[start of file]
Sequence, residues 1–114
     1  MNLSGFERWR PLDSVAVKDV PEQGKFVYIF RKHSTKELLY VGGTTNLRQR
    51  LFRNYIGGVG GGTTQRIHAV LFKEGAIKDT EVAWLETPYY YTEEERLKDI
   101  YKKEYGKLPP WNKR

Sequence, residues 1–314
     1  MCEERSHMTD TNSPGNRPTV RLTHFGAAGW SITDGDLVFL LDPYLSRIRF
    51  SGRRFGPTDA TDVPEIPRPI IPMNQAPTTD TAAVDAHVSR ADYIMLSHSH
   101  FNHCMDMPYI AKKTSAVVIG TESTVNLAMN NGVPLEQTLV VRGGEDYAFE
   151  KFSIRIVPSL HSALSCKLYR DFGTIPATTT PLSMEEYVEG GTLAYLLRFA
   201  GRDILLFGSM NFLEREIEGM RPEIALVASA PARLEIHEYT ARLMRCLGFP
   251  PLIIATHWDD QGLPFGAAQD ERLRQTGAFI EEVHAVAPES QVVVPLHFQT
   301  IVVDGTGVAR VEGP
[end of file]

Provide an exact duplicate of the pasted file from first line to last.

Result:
Sequence, residues 1–114
     1  MNLSGFERWR PLDSVAVKDV PEQGKFVYIF RKHSTKELLY VGGTTNLRQR
    51  LFRNYIGGVG GGTTQRIHAV LFKEGAIKDT EVAWLETPYY YTEEERLKDI
   101  YKKEYGKLPP WNKR

Sequence, residues 1–314
     1  MCEERSHMTD TNSPGNRPTV RLTHFGAAGW SITDGDLVFL LDPYLSRIRF
    51  SGRRFGPTDA TDVPEIPRPI IPMNQAPTTD TAAVDAHVSR ADYIMLSHSH
   101  FNHCMDMPYI AKKTSAVVIG TESTVNLAMN NGVPLEQTLV VRGGEDYAFE
   151  KFSIRIVPSL HSALSCKLYR DFGTIPATTT PLSMEEYVEG GTLAYLLRFA
   201  GRDILLFGSM NFLEREIEGM RPEIALVASA PARLEIHEYT ARLMRCLGFP
   251  PLIIATHWDD QGLPFGAAQD ERLRQTGAFI EEVHAVAPES QVVVPLHFQT
   301  IVVDGTGVAR VEGP